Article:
Witcher 3 - Preview @ PCGAMER
PC Gamer's Tyler Wilde has a new preview for The Witcher 3: Wild Hunt. The writer sounds impressed with the game but comes across a little negative.
In line with the rest of the series, Geralt’s quest includes a morally gray decision. Once he discovers that a Leshen is to blame, he can choose to take the elders’ side or talk to the young upstart. We take the latter choice, and here’s the catch: the monster has marked someone in the town, and can’t be killed unless that person leaves or perishes. Using Geralt’s magic Witcher sense—something like Batman’s detective vision—to find the marked one, the player discovers that it’s an innocent girl. Before he leaves for the hunt, Geralt makes it clear that she’s not to blame for being marked, but that she has to go.
I hoped the player would now be trusted to figure out the monster’s weaknesses using Geralt’s encyclopedia, but everything except the actual fight is directed by on-screen prompts. We know from reading about Leshens, for example, that they create totems which must be destroyed to reduce their power, and we’re instructed do this as soon as we enter the forest, following a murder of crows to each of the monsters’ trophies and burning them—it’s possible this is just the player’s first introduction to the beast, though.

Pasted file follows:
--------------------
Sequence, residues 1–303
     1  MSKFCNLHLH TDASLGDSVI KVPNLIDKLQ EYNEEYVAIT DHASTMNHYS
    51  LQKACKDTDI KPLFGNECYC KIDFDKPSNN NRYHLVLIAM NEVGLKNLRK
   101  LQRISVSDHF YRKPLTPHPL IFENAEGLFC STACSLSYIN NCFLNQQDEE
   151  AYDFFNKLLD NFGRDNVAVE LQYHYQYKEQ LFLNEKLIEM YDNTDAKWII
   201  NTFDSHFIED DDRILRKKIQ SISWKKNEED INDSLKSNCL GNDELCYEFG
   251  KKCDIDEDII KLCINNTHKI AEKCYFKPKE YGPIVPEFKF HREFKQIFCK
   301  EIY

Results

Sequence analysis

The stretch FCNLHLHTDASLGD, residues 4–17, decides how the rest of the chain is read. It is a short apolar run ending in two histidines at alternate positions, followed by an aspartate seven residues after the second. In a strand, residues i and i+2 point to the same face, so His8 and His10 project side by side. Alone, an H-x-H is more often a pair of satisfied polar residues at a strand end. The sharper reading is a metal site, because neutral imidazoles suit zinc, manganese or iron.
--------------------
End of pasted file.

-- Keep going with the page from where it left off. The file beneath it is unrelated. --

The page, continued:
Once that’s wrapped up, the player is instructed to find the monster, and a few steps later we’re introduced to the creature, a gloriously creepy slender biped made of bone and bark. The fight is brief, again with great variety of animation as Geralt spins, swings, and burns the Leshen’s bark, but with some of that action RPG awkwardness that comes from misplaced combo chains.
With proof of the Leshen’s death, Geralt returns to the town and… uh oh. The kid did a bad thing—not only did he kill the marked girl, he killed the elders, too. We decide to condemn his actions, and Geralt gives him the most obvious line possible, paraphrased: There’s another monster in this village. It seems odd that any of this surprises Geralt, who saw the youth’s conflict with the elders, and pretty clearly, if not absolutely explicitly, told him to kill the girl.
It’s likely that there just wasn’t time for the demonstration to explore other possibilities, and even if this particular sidequest does turn out to be a binary decision, it’s boggling to think of how many decisions like this could exist in the game. How different will the world look after 100 hours of play?
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